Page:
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because the president said were not using bayonets anymore. so it's a different weaponry, but the other thing missing here i think when i talk about overreach, the e-mail you read in general kristol's observation is people say, why do you need an assault weapon? nobody needs an assault weapon, but that's not the issue. by somebody in this country need to have a trial by jury? by somebody who's robbed a bank need to have the fourth amendment having a search warrant before you issue? nobody needs those things. the issue as they were enshrined in the constitution. so you have to make sure you work with what the supreme court has said. the right to bear arms is an individual right. the first of all affect the value can you can have reasonable restrictions, so the path forward for responsible
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legislators is to find out what the reasonable restrictions are that save lives. i think the taking of when human life is a horrible thing by a crazy person and i don't think you have to say this is bad because there's three people at october 10 people. anybody he uses a gun. >> let me ask you a question because the the reporter who addicted is to frame this as a response to java christo who's lived his life with those kinds of weapons. the responses we need those weapons. >> anonymously by ted kaczynski in prison with an e-mail. that anonymous writer, by the way you should have blogs later added because anonymous business makes people bolder and say things. >> by difference would be enough to get this much is a minority opinion as you think it is.
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b. matches to do it with the site, first and foremost, whether the federal-mogul you need a comprehensive background check. whether it's a handgun, and is the, ak-47, discard the pieces. i want a comprehensive background check because i don't want any criminal access to those guns or whatever take a. that's it is a federal piece of legislation that what the court said it past the political test opinion about a bipartisan majority? that would fundamentally tighten up a lot of loose ends that everyone was an officer regardless of rural or urban would want today. number two, steve, you are correct in the attributes, but
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that's easy to find this an assault but there are semi automatic, with a mission for the battlefield with state alterations is now on the streets in any urban area in last week good police work out an assault weapon the street. good police work and doesn't belong here. when you change the assault magazine, you change the capacity. to go back to 94 was also a passing the legislation. written exemption because it is required to get the bill done as it relates to imports. my view is what are we doing to stop terminal access, whether it, to quote the congressman, crazy white guy alienated or here in the streets in the city of chicago or any other urban
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areas. it's criminal access and type of guns we see in the constitution this court and if necessary the hospital. we have a lot of loopholes in people getting access to guns that shouldn't have been here. repeated in responsible ways for those who want to go hunting but we do to protect our residents can also do and how prolonged worsening. >> if i can like to have it on because i think it's just a component and we've got a home of their issue we have to deal with. that is how we respond to that and how we are alert to. also, intercultural violence in videogames what young people have access to? everyone at the shooters has shown up in combat gear very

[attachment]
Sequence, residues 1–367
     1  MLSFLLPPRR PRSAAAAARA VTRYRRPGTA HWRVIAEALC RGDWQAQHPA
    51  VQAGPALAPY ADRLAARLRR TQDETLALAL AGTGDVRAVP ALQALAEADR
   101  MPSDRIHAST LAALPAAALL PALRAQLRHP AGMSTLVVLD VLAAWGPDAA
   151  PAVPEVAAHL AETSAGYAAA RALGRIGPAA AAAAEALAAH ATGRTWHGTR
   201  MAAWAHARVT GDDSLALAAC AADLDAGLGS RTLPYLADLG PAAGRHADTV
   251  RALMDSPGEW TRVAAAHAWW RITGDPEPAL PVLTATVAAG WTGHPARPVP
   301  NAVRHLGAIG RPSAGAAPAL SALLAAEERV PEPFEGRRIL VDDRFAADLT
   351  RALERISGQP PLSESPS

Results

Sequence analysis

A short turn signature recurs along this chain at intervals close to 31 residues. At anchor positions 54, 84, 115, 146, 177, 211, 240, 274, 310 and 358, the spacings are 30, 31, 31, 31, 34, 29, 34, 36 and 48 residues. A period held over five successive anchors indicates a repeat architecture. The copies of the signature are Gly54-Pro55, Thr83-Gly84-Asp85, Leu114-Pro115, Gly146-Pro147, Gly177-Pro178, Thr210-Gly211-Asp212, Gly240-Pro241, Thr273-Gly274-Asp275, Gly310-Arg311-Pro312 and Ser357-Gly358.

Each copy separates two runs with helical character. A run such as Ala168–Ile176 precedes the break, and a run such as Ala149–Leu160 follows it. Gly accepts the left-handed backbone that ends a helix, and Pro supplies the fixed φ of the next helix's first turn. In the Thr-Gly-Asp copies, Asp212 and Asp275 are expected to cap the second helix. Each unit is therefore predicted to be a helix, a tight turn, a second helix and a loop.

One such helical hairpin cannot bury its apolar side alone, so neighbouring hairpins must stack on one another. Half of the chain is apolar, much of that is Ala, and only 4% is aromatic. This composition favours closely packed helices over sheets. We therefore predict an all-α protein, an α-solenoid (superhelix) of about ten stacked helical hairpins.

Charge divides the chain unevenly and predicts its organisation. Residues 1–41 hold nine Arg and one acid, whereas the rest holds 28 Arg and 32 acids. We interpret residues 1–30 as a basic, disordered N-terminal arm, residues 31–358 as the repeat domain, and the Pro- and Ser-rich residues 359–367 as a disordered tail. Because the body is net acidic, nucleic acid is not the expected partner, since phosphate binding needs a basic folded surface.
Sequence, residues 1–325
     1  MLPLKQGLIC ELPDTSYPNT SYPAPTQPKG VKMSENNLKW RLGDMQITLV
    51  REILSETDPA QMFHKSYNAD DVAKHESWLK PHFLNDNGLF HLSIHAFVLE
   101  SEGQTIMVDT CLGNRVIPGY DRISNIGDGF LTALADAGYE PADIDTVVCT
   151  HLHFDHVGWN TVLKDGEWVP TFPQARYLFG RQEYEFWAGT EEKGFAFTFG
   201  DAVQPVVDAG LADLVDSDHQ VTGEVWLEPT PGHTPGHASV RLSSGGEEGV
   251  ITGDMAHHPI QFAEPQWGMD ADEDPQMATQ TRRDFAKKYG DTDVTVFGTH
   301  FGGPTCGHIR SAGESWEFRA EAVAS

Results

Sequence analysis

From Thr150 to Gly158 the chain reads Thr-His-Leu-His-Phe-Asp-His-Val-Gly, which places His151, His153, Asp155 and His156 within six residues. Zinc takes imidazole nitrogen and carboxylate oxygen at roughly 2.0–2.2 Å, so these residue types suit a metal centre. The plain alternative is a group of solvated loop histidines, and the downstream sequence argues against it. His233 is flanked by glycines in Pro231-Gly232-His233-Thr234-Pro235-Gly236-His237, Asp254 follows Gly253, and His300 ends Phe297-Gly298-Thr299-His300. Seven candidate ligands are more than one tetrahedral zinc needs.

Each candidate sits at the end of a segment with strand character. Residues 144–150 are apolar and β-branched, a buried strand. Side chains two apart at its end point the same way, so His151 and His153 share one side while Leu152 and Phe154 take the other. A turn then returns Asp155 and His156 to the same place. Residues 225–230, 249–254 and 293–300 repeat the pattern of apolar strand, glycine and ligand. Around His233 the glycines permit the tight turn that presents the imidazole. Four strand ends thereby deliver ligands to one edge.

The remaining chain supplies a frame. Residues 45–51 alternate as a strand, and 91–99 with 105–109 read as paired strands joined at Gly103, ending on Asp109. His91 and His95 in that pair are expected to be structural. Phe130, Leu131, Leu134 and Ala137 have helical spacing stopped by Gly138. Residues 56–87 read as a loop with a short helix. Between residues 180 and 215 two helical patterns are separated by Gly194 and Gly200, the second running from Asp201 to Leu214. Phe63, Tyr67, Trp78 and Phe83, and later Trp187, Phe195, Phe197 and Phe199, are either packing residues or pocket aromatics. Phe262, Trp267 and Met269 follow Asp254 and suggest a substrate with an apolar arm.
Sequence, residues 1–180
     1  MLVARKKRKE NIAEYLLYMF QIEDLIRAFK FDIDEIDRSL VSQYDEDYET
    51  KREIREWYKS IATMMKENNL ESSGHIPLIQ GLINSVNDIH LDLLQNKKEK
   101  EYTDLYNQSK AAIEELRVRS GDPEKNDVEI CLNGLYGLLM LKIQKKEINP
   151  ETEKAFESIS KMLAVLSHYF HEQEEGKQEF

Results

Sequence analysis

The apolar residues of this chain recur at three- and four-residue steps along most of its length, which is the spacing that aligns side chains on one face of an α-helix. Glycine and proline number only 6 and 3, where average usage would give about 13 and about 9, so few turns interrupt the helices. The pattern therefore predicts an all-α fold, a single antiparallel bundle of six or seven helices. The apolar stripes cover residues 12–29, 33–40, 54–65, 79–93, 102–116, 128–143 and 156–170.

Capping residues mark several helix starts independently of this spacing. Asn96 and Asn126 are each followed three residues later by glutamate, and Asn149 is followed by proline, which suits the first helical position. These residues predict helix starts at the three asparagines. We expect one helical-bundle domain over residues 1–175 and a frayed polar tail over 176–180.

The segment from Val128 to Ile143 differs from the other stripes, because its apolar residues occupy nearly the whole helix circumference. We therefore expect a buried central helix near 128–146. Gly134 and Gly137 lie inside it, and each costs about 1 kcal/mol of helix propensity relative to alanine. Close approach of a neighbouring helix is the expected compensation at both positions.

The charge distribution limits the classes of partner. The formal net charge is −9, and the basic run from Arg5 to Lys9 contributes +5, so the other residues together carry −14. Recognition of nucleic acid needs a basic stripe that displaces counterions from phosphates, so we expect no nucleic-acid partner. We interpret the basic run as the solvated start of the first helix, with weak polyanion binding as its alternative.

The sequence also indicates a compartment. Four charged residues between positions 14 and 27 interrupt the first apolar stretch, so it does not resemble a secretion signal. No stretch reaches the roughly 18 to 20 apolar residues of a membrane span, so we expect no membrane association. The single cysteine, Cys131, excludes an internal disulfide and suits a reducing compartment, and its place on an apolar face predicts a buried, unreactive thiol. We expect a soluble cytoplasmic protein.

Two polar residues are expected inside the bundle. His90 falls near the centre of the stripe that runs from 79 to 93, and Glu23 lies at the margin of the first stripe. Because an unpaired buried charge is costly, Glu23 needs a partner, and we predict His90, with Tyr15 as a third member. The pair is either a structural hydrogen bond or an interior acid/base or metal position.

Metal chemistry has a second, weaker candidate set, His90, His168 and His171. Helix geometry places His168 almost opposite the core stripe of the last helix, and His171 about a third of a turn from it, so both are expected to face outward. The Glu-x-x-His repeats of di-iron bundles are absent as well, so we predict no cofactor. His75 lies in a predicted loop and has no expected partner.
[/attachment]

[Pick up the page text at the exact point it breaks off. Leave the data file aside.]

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much eczema nisi on video. you have any feelings about the impact of that, if you will, cultural violence. >> you've seen an expansion in the use of videogames more violent, more military. you had a sharp decline nationally. when i was a kid, there is talk about movies or two for, driving people crazy. i don't think you could find any connection over time between what the media and how people behave. the same media for supposedly makes american silent doesn't have the effect on people in japan or europe. they watch the same movies, play the same video games. if you have a culture basically not violent, it's not going to
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make it out. a culture is a good deal more violence is also not going to make a difference because that's not the real problem. but so are the impulses coming from. >> is going to pick up on violence in media and the mental health point. there's some suggestive evidence that exposure to violent media increases aggression as they can measure in a lab setting without getting in trouble with the review board. hard to know exactly what that means for violent behavior on the outside, but the other thing, which complicates a little bit is that you can send movies have a cataract in effect to incapacitate people. when peloponnese come out, crime rates tend to go down because everybody's bidding high risk
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time people about the games games come out, the incapacitation seems to outweigh. >> we need to have one every day. >> what we don't know is if it makes senator whether people will spend less time. i just think it's a little complicated on the pilot site. >> in the come bawling kind case was impact on those two young shooters and what drove them turned out that one of them was my psychopathic people realized at the time and he drew the other shooter to become a part of what turned out to be a sicko. somehow the ratio is taking the component parts of violence in the media, a country that had a lot of violent within its borders in the winning of the west and what goes on in urban